Dutch junctions were more likely to have cycle infrastructure than their connecting road sections. It seemed like the junctions were important to design rather than abandoning cyclists to sort it out themselves as is popular in Vienna.  This makes sense as accidents do happen at conflict points and junctions are for sure conflict points.  Therefore design to reduce conflict and clearly clarify the situation makes sense. However, in nearly no motor traffic roads insecurity is used to reduce motor vehicle speed.

(Outside Amsterdam) waiting at red lights (even when turning left) was never a real issue. Often there were no traffic lights because they were not needed due to the tight junction corners reducing car speeds, the clear rights of way reducing the need for negotiation and the 90 degree angle between cars and bikes improving viability at junctions.  Motor traffic and bikes flowed and could cooperate with each other much better than is possible in Vienna thanks to the junction design making them meet face to face at the same speed.  Where interaction is not desirable (due to high motor traffic volume or speed) bikes are separated with traffic light phases, different routes or underpasses. Conflict opportunity reduction is clearly key to Dutch road design.

Speed is not an issue and I have never cycled as slowly as I did in the Netherlands.   I cycle at least 5kmph faster in Vienna just because of the stressful space invader video game effect.  The mopeds and many MAMILS in the Netherlands showed that you can cycle fast if you want to but frankly it is really nice to not need to.

Dutch Cycle infrastructure gets used by mopeds, mobility scooters, kids, old age pensioners, MAMILS, Velomobiles, hand trikes, cargo bikes,  trikes, e-bikes, recumbents, touring cyclists,  etc....  It is inclusive diverse mobility infrastructure.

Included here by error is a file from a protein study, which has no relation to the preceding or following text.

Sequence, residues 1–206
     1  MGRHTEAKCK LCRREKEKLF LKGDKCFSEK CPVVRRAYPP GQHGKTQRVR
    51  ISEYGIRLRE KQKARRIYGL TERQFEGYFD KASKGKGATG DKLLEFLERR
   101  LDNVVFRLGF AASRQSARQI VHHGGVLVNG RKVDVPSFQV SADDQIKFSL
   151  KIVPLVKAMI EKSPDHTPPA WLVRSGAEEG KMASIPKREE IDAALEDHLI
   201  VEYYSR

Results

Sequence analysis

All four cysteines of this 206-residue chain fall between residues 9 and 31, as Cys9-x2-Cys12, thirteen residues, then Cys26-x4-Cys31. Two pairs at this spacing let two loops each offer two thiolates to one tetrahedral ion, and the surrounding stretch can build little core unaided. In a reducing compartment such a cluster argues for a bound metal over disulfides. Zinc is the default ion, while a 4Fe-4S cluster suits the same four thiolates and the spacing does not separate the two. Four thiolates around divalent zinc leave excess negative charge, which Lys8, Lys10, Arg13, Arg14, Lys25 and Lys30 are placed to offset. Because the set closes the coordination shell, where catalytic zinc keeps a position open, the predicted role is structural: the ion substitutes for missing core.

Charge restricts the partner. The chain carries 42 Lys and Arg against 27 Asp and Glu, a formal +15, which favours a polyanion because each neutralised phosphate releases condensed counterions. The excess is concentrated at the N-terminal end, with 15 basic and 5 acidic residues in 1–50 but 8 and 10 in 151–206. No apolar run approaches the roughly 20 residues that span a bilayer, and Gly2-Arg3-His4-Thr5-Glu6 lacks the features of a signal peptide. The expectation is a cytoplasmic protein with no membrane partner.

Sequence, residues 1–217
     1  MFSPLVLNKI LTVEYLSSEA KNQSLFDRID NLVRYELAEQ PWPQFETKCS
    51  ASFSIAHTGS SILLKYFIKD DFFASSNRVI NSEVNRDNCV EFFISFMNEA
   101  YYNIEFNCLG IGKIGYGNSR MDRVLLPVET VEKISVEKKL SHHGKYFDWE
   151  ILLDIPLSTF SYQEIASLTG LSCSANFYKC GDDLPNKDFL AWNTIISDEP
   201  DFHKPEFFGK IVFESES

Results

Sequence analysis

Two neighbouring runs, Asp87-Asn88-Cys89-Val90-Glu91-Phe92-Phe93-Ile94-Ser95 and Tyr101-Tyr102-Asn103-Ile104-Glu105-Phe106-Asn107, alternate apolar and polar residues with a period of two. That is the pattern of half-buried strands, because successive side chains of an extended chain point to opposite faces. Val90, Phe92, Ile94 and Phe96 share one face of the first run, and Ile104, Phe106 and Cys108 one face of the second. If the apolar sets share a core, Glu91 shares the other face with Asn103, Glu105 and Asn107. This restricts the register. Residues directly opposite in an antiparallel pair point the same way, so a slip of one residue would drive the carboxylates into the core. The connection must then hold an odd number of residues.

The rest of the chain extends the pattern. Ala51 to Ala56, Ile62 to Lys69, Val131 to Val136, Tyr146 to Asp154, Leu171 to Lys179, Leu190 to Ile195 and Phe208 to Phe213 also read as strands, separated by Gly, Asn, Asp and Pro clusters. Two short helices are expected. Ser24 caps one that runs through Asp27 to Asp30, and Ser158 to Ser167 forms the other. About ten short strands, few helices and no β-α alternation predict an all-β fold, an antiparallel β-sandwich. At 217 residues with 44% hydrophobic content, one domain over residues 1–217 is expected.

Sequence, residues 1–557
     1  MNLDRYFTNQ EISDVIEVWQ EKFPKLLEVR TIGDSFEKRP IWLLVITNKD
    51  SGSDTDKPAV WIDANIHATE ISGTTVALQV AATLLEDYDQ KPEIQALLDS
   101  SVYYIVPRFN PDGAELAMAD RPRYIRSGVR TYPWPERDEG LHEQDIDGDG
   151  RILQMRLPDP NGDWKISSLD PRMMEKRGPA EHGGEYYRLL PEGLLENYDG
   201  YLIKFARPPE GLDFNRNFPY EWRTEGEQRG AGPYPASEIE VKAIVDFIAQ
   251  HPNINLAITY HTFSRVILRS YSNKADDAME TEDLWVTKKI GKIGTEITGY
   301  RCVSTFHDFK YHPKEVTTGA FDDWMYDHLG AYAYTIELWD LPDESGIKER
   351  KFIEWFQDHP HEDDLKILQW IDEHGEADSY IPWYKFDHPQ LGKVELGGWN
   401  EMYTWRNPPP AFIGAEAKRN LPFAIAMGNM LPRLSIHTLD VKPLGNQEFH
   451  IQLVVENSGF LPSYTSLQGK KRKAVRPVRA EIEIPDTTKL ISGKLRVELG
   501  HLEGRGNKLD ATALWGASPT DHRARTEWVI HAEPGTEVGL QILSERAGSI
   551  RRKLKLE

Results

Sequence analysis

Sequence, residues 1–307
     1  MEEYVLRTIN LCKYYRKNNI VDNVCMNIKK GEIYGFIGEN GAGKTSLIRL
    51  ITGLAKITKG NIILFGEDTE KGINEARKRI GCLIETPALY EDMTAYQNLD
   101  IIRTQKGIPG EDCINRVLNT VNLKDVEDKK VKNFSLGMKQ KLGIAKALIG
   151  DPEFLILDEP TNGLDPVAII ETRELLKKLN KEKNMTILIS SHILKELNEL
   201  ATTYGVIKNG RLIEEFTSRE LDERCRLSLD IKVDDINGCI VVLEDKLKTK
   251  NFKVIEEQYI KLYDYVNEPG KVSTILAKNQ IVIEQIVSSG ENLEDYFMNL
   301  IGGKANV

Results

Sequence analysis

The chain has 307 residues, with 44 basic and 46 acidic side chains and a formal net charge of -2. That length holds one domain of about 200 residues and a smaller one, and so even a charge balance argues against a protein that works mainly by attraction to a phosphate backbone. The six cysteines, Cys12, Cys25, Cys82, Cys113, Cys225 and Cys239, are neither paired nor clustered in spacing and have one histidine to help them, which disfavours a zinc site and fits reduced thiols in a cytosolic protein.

Nearly every Dutch town center and access road is effectively car free.

New Dutch towns have better infrastructure than Amsterdam. It seems you really have to design out bikes to repress cycle use in big cities (as most European cities have done). Some of the Dutch towns have new junctions whose design is just fantastic and deserves a Noble Peace prize.

Cyclist behavior in Copenhagen and the Netherlands is often appalling but it does not matter or pose any real issue.  Cycling 2 abreast is great and you can chat and enjoy another person's company while cycling. Even if I personally find it hard to relax while doing it as a result of the years of  bullying.

The new Dutch infrastructure is much better than the old.  The Netherlands is not perfect for cycling but they are improving it every time they build a new bit of road.  It is a lot better than every other country because they design roads to be used by bikes, rather than expect them to behave like fast motorbikes or pedestrians.

Vienna does not need to change dramatically to be a world leader in bicycle use.  It just needs to get new stuff right and linearly improve the cycle infrastructure quality to get exponential cycle use growth.

One key lesson from my holiday is that bikes are a really really great way to get around and for sure more and more people will discover this.  When will Vienna's traffic planners and road designers?